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China-US relations: ‘let’s fix our own national messes before competing with Beijing’, says former diplomat

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Former US diplomat Chas Freeman: “Without serious repairs to restore a sound American political economy, our future is in jeopardy.” Photo: AP

Former US diplomat Chas Freeman urged Washington to focus on making “serious repairs” at home to effectively compete with China, as US President Joe Biden’s administration reviews US policy towards China amid increasingly strained relations.

Freeman is a well-known China hand who was the principal interpreter for Richard Nixon during the 1972 China trip that paved the way for normalised diplomatic relations.

In an online address to the Washington Institute of Foreign Affairs this month he argued that the US needed to avoid defining its China policy as a fight against authoritarianism and to focus instead on renewing its competitive capacity given its “unprecedented state of domestic disarray and demoralisation”.

“The US focus has been on tripping up China rather than improving our own international competitiveness,” he said. “Without serious repairs to restore a sound American political economy, our future is in jeopardy, and we will be in no condition to compete with the world’s rising and resurgent great powers, especially China.”

Freeman, who also served as a former US assistant secretary of defence and a diplomat in Beijing, said the US would alienate partner nations if it continued to define its relationship with China in confrontational terms and did not first “fix our domestic embarrassments”, noting the US response to the coronavirus pandemic.

“If we are to compete effectively with China and other rising and resurgent powers, we must upgrade many aspects of our performance,” he said.

“This will require a serious effort at domestic reform and self-strengthening. And it will take time. Trying to bring down foreign countries to prevent them from surpassing us is more likely to backfire than to succeed. We need to take a hard look at where we are falling behind and make the changes necessary to power ahead.”

His remarks came as Biden’s administration signalled it would continue former US president Donald Trump’s tough policy on China.

But the new administration indicated it would take a more multilateral approach allowing for some cooperation on issues such as climate change, while competing and confronting China on issues such as Beijing’s trade and human rights practices.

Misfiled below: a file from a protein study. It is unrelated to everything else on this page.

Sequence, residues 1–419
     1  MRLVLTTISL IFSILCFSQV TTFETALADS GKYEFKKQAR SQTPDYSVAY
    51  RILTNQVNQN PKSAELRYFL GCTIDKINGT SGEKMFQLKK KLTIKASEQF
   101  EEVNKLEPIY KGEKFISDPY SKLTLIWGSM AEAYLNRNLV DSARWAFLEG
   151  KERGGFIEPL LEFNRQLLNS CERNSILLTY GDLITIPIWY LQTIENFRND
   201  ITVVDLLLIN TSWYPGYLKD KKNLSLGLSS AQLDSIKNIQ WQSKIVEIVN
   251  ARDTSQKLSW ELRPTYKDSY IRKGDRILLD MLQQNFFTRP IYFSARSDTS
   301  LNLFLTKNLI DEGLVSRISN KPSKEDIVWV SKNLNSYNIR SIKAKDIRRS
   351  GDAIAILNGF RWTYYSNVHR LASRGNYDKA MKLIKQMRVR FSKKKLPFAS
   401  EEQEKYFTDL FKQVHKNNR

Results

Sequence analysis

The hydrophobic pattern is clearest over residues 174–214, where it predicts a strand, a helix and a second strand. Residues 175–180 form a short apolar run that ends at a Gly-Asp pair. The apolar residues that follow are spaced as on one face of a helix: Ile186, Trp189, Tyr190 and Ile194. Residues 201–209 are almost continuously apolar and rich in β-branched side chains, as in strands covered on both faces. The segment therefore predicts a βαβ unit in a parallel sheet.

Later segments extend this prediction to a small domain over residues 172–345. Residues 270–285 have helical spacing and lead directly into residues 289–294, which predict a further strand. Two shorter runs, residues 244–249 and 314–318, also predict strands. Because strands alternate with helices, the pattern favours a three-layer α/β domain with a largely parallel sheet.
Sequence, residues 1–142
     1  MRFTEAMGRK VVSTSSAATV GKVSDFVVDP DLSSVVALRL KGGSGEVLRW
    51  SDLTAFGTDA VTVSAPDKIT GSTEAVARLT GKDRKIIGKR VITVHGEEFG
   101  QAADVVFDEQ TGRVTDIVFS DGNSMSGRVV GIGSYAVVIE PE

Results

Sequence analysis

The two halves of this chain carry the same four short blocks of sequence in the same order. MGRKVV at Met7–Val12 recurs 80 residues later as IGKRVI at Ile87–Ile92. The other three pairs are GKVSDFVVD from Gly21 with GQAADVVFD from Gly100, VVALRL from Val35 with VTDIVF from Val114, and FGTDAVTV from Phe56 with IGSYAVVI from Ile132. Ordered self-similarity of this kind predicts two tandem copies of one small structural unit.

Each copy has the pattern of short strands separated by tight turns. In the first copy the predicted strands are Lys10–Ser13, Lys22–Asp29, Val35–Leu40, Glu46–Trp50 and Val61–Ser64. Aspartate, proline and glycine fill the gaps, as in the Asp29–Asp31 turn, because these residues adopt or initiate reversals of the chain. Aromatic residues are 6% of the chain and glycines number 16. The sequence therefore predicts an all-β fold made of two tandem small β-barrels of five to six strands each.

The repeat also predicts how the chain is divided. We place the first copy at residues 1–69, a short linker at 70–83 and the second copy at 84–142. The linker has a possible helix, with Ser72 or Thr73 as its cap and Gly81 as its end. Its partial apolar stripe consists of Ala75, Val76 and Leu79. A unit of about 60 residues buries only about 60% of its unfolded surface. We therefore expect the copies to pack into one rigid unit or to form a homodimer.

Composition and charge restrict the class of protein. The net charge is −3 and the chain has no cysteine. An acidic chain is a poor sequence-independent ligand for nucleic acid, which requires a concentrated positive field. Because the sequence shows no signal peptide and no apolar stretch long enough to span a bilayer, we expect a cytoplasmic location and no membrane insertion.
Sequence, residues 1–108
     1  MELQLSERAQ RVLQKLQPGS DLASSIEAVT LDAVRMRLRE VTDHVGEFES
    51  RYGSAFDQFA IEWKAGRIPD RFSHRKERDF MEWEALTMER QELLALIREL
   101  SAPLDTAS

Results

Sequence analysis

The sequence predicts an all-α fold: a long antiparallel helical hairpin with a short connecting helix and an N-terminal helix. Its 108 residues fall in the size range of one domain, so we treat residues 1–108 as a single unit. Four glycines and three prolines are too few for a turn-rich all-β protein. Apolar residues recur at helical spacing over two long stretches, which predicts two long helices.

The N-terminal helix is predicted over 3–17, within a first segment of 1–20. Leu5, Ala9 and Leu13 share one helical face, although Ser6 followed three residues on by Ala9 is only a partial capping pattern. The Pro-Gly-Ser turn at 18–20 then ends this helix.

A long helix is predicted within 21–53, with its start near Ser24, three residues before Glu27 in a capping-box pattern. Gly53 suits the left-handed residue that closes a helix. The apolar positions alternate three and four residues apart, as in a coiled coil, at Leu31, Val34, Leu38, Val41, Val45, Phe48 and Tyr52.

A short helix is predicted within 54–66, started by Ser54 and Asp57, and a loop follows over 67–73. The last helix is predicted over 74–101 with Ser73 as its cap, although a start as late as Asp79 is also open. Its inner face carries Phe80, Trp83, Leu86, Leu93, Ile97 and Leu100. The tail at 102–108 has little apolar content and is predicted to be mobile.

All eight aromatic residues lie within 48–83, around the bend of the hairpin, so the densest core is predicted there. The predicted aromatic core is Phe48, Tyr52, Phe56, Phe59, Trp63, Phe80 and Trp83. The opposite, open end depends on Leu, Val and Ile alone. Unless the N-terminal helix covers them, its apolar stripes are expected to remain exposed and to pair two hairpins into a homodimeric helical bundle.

Biden has said he expects “extreme competition” with China, and has created a military task force to review US policy to meet the “growing challenges posed by China” in the Indo-Pacific region and globally.

While Freeman’s softer tone contrasts with the bipartisan consensus in Washington favouring a hardline stance towards China, Biden’s team has also highlighted US domestic renewal as key to its competition with Beijing.

National security adviser Jake Sullivan told a US Institute of Peace event in January that one of the best ways to push back on China was to address America’s own shortcomings, saying that “the most profound national security challenge facing the United States is getting our own house in order”.

“They’re pointing to dysfunction and division in the United States and saying, ‘Take a look at that, their system doesn’t work. Our system does,’” he said.

“Step one is … to refurbish the fundamental foundations of our democracy. That goes for everything from our democratic system itself, to issues of racial inequity, to issues of economic inequality, all of the things that have contributed to the shine coming off the American model.”

During his address, Freeman was also critical of the Trump administration’s foreign policy, claiming the US had “consistently been the initiator” of conflict with Beijing without a long-term strategy to compete.

He cited the domestic costs of the US trade war with China, and said the US was only prepared to deal with the military threat of China rather than the economic and technological challenge it presented.

“If this were a game of chess, we’d be easy to spot,” he said. “We’re the player with no plan beyond an aggressive opening move. That is not just not a winning strategy. It’s no strategy at all.”